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‘AIR’ GIVES MATT DAMON ROOM TO BREATHE

The only problem facing Air is that people may be expecting a bigger movie, as one might assume given that the ostensible subject is basketball superstar Michael Jordan. Here’s the truth: although the story revolves around him, Jordan isn’t really in the picture, and there is almost no real-time basketball footage. Air is a modest, entertaining behind-the-scenes film about the marketing whiz (Matt Damon) who believed in Jordan when he was still a rookie and tried to convince his boss, Nike founder Phil Knight (Ben Affleck) to put his money and muscle to work crafting and promoting a shoe that bore his name.

Affleck knows a bit about underplaying, as he showed in directing Argo. He also has a lot of fun portraying the famously eccentric Knight. Even rumpled up, Damon is a past master at commanding the screen without letting us see him sweat. They make the most of first-time screenwriter Alex Convery’s screenplay, which manages to evoke suspense even though the outcome is a foregone conclusion. (As a guest in my USC class last week, Convery readily admitted that Affleck encouraged his actors to improvise and that, in many cases, they improved what he had written.)

And just as he did in real life, Michael Jordan had an ace up his sleeve: his wise, loving, protective mother. The athlete made casting Viola Davis a condition of signing off on this film, but in fact he did us all a favor. Davis effortlessly earns our respect and admiration as she quietly demands that her son be compensated for what he is worth—even if the terms are unprecedented.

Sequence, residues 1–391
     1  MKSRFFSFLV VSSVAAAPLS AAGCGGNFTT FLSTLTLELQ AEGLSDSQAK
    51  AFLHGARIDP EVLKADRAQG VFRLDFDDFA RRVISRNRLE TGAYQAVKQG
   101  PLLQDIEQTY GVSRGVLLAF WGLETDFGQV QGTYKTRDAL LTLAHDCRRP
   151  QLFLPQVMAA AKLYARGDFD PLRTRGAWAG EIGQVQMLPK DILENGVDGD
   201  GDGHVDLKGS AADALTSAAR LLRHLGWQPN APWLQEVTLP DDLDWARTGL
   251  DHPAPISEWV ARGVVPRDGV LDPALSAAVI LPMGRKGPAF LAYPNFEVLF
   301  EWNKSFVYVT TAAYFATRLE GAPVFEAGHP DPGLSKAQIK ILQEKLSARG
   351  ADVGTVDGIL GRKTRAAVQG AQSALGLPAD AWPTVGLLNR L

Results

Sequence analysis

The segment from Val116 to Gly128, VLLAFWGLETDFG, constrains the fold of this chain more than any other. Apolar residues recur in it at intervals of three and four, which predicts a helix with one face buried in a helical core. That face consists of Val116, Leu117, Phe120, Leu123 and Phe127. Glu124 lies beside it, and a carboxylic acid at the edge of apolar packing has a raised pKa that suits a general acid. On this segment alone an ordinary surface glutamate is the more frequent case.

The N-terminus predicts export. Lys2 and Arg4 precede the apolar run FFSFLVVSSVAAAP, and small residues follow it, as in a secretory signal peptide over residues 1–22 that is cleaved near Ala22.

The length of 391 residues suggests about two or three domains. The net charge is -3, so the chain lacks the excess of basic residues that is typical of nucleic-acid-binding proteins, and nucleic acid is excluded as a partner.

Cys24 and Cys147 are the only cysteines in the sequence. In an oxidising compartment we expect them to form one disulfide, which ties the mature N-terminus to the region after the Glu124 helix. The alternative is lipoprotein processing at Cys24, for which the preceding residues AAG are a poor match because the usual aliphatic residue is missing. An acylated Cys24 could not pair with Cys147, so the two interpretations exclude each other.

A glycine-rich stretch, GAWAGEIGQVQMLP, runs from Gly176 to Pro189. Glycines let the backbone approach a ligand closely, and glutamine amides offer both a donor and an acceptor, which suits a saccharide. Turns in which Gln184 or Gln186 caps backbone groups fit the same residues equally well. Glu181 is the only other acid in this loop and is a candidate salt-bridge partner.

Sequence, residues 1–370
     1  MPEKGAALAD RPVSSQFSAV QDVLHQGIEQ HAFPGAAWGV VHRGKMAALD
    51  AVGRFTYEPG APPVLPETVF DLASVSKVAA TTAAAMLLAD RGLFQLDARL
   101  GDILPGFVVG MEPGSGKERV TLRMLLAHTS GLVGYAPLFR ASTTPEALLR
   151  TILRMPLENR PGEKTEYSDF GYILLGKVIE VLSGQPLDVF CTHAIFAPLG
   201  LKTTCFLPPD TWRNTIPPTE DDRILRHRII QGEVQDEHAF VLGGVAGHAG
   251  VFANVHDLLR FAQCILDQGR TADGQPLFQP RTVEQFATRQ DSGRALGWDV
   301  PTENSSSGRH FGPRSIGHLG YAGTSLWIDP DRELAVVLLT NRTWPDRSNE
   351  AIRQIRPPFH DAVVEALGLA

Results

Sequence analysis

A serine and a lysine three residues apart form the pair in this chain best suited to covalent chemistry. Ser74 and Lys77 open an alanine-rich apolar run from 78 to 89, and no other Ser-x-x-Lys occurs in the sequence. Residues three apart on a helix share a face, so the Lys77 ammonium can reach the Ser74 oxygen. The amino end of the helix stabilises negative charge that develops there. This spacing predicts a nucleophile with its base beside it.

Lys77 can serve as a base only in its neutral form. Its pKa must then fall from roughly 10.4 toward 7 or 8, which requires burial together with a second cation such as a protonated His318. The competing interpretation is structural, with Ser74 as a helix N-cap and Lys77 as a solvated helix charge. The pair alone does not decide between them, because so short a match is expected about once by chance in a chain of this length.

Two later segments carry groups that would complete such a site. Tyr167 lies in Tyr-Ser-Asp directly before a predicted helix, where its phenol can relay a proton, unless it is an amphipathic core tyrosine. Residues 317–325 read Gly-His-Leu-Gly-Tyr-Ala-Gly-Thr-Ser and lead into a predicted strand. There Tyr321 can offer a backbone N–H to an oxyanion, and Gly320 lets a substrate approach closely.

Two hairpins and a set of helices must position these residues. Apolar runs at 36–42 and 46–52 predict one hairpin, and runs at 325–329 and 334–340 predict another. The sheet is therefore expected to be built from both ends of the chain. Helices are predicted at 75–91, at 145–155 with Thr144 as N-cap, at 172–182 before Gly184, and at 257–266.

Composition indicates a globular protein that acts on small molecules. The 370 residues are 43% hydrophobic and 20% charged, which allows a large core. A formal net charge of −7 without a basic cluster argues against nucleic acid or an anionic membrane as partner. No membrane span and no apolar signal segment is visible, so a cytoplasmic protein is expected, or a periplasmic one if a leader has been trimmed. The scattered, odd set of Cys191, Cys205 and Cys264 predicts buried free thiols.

Jason Bateman, Chris Tucker, Marlon Wayans, and Chris Messina add spice to the mix in key supporting roles, but it’s Damon, literally uncomfortable in his skin, and Davis, with only a handful of scenes, who score the most points in Air and make it worthwhile.

Leonard Maltin is one of the world’s most respected film critics and historians. He is best known for his widely-used reference work Leonard Maltin’s Movie Guide and its companion volume Leonard Maltin’s Classic Movie Guide, now in its third edition, as well as his thirty-year run on television’s Entertainment Tonight. He teaches at the USC School of Cinematic Arts and appears regularly on Reelz Channel and Turner Classic Movies. His books include The 151 Best Movies You’ve Never Seen, Of Mice and Magic: A History of American Animated Cartoons, The Great Movie Comedians, The Disney Films, The Art of the Cinematographer, Movie Comedy Teams, The Great American Broadcast, and Leonard Maltin’s Movie Encyclopedia. He served two terms as President of the Los Angeles Film Critics Association, is a voting member of the National Film Registry, and was appointed by the Librarian of Congress to sit on the Board of Directors of the National Film Preservation Foundation. He hosted and co-produced the popular Walt Disney Treasures DVD series and has appeared on innumerable television programs and documentaries. He has been the recipient of awards from the American Society of Cinematographers, the Telluride Film Festival, Anthology Film Archives, and San Diego’s Comic-Con International. Perhaps the pinnacle of his career was his appearance in a now-classic episode of South Park. (Or was it Carmela consulting his Movie Guide on an episode of The Sopranos?) He holds court at leonardmaltin.com. Follow him on Twitter and Facebook; you can also listen to him on his weekly podcast: Maltin on Movies. — [Artwork by Drew Friedman]

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